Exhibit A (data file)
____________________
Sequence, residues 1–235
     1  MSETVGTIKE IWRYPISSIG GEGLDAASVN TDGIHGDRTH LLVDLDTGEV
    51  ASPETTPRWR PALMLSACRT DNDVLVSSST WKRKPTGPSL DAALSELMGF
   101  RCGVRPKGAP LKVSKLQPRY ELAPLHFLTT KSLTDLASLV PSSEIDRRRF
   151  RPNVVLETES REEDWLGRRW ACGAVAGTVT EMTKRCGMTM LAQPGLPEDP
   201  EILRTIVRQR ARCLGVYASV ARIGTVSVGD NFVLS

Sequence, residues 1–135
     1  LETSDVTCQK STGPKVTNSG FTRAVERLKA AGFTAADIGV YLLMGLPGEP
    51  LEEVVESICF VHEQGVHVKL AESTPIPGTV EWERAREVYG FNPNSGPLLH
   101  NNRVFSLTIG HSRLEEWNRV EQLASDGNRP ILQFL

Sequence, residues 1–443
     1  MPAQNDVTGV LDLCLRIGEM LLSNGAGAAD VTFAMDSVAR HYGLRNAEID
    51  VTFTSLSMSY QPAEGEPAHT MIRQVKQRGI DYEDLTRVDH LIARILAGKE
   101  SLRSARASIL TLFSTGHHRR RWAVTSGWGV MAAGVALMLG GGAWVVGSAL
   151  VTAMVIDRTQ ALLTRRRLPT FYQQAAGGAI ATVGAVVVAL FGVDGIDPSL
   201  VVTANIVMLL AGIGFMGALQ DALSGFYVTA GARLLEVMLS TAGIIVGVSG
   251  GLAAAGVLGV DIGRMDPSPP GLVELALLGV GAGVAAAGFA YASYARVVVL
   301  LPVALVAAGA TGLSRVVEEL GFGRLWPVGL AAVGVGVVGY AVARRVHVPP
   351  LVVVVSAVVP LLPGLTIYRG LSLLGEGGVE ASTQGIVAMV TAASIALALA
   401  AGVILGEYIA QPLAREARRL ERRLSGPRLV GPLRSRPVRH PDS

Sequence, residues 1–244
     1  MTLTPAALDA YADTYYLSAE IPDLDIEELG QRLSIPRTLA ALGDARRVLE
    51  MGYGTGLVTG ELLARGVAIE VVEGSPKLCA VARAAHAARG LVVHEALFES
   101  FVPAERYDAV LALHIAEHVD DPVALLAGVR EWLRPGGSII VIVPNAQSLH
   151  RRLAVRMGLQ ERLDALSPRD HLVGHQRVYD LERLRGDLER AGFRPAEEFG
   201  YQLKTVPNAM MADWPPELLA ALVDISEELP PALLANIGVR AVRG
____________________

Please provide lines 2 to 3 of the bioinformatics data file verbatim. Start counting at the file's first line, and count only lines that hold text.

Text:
     1  MSETVGTIKE IWRYPISSIG GEGLDAASVN TDGIHGDRTH LLVDLDTGEV
    51  ASPETTPRWR PALMLSACRT DNDVLVSSST WKRKPTGPSL DAALSELMGF